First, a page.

Content can offer value, but it’s not the only thing
Although it can be easy to dismiss some successes in the digital age as sheer luck or good timing, one factor which cannot be denied is positive user experience. If people do not have a good experience when using your site, it doesn’t matter if you stock more products than Amazon or boast better social features than Facebook, as people will simply be turned off by your website.
User experience itself, at its most basic, is the level of satisfaction that your website offers to every visitor or viewer. This can encompass many things such as the general layout of the site, intuitiveness of the site map, or the simple ease of use as far as transactions and login procedures are concerned. However as with most things, the beauty of your website goes beyond skin deep, and this is true for your user experience. It’s not just a case of designing a site to look pretty, as web designers must also research how their designs can consciously affect users, and influence their interactions and experiences on the site.
User experience can be broken down into 4 main elements, which can allow for successful UX design. Most design agencies work within these broad areas to help focus on an effective site launch. These areas are value, usability, adoptability and desirability.
In any aspect of business, value is key to ensuring customers choose you over your competitors. In the digital world, value is the difference between browsers, and clicks which turn into sales. Adding value also helps retain a loyal customer base. To offer value, you must research your web presence and the audience you reach. This includes things like demographic research, understanding where your traffic is coming from and when and so on.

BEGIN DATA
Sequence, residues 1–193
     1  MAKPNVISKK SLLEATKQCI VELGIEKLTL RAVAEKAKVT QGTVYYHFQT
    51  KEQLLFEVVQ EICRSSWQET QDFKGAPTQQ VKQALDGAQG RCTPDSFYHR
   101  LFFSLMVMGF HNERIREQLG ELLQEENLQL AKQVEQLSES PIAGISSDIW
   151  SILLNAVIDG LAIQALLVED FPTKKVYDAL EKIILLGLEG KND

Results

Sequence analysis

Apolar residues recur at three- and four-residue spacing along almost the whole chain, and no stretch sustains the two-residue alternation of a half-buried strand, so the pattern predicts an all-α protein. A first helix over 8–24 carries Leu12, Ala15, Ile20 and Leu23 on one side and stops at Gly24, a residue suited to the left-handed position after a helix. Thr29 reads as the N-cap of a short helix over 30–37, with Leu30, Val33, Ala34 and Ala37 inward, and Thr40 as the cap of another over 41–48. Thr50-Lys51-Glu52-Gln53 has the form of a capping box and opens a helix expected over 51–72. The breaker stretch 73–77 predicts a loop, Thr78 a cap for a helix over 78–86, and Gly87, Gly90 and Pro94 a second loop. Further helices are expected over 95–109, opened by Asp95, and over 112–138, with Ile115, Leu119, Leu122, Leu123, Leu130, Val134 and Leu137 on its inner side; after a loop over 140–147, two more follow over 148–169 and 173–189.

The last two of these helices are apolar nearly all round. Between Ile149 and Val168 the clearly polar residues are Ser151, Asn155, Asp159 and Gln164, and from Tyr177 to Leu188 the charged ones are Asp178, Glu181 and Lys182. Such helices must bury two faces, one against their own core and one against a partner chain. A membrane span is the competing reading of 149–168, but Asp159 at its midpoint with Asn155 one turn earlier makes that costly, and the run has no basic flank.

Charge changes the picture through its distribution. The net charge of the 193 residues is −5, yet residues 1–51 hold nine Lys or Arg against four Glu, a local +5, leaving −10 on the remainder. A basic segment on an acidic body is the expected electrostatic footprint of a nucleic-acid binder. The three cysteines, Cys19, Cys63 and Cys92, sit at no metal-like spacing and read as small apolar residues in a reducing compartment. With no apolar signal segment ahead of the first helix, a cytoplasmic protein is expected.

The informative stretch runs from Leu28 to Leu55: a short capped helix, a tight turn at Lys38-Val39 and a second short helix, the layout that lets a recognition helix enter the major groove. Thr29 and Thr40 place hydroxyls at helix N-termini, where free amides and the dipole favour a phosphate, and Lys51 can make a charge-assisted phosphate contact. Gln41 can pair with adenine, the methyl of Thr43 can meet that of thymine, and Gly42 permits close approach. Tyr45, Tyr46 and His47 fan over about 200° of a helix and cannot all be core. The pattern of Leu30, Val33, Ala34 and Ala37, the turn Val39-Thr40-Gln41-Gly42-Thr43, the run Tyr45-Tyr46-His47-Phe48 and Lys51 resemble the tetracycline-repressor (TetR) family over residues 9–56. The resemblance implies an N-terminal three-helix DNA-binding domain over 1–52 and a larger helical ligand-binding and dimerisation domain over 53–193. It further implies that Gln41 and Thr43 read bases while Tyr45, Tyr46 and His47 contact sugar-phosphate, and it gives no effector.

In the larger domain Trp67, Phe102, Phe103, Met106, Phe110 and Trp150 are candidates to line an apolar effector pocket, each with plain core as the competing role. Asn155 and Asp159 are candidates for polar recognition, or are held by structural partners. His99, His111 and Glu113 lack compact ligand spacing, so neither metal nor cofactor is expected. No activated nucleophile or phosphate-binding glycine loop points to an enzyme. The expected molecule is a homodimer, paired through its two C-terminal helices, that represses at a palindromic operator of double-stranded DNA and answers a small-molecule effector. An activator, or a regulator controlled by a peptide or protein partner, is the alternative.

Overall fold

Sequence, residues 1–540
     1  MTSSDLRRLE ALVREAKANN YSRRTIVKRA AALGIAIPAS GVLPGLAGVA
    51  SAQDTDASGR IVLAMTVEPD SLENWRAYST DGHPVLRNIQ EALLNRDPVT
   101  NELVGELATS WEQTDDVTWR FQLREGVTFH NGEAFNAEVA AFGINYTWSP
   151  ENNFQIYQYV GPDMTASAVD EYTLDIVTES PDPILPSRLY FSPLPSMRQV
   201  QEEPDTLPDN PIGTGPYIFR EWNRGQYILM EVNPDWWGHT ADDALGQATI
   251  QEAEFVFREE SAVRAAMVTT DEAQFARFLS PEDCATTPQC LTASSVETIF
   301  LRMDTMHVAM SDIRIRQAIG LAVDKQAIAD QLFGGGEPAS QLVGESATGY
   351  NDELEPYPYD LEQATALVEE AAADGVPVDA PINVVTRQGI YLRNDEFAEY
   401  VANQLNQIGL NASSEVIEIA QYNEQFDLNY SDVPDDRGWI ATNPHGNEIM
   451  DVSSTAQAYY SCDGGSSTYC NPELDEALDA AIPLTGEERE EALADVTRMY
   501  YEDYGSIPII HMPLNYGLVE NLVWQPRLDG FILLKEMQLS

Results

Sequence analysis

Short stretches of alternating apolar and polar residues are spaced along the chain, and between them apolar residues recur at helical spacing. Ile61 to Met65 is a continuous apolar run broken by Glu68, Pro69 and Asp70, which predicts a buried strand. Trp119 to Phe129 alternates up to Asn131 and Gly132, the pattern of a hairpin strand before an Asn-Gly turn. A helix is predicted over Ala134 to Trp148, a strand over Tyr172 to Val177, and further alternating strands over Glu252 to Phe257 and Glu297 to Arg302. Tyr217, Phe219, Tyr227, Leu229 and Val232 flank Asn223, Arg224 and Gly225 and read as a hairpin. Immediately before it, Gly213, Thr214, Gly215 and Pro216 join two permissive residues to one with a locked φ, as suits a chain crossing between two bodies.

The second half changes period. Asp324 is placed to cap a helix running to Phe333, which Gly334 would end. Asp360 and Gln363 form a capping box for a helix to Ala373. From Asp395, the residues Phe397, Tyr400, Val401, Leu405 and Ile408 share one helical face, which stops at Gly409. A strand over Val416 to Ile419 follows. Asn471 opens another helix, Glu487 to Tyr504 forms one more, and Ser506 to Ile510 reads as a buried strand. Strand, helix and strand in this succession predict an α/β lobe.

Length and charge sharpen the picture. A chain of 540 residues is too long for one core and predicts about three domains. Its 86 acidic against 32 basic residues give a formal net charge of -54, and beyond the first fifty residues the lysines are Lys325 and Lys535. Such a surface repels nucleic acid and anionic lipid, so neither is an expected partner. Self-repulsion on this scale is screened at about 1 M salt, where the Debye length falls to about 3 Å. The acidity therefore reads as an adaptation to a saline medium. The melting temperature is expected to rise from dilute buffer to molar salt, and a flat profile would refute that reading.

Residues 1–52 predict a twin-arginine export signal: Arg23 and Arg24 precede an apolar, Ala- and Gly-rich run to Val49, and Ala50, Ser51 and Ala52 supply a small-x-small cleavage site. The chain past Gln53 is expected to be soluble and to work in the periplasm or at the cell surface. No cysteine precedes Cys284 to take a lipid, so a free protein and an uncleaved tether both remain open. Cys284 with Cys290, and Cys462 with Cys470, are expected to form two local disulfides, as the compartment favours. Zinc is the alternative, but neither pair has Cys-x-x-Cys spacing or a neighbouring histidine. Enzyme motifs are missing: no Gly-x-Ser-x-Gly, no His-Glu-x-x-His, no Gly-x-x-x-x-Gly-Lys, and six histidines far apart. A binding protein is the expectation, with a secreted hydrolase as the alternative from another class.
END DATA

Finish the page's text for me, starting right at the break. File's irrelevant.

Content can offer value, but it’s not the only thing. For example you could be selling goods and offer the most detailed product descriptions and reviews on site, but if the process of logging in and g is too complicated, users will ultimately head elsewhere to actually convert. You have to consider what’s valuable to you as well as to the user to achieve your desired outcome.
As well as value, your website has to be easily usable in all aspects, or you will lose out to competitors. This extends beyond the payment example mentioned above, as your website must be as easy and efficient to navigate as possible in order to turn initial clicks into conversions. You can even go one step beyond and create a site that not only rates among users for its ease of use, but which actually influences the way users interact with the site. For example take the largest social media site in existence, and how it has shaped social media going forward. Facebook developed from a profile-oriented platform to a site which encourages user-generated content, and is now considered a hub for communication.
Adoptability relates to how easily your content can be accessed by both new users and returning users. With this in mind, you have to think of your target audience and the research you conducted when trying to offer value. Where are most of your visitors reaching you from – is it through desktop or mobile devices? What sort of browser are they using? Then you’ll need to ensure your site is coded and built so it can be easily accessed by these browsers and platforms. You’ll need to check how much bandwidth your site uses too, and how much multimedia you have on there, as this will all affect to load time. If your site takes any longer than 3 seconds to load, users will choose another site in their search.
Less easy to gauge, desirability is still an important influencing factor in creating a successful UX. This is made up of a mixture of appealing content and eye-catching design, but it is unfortunately impossible to put your finger on an exact mix which appeals to users. However if you ensure your site boasts a coherent brand identity, with a clear shop front for retail products, then your reputation will begin to grow and your site will become more desirable.
User experience should address the main concerns and also aims for your core audience, at the earliest stage. UX should be in mind from initial development, and should incorporate all of the above points in order to generate more users, and most importantly conversions.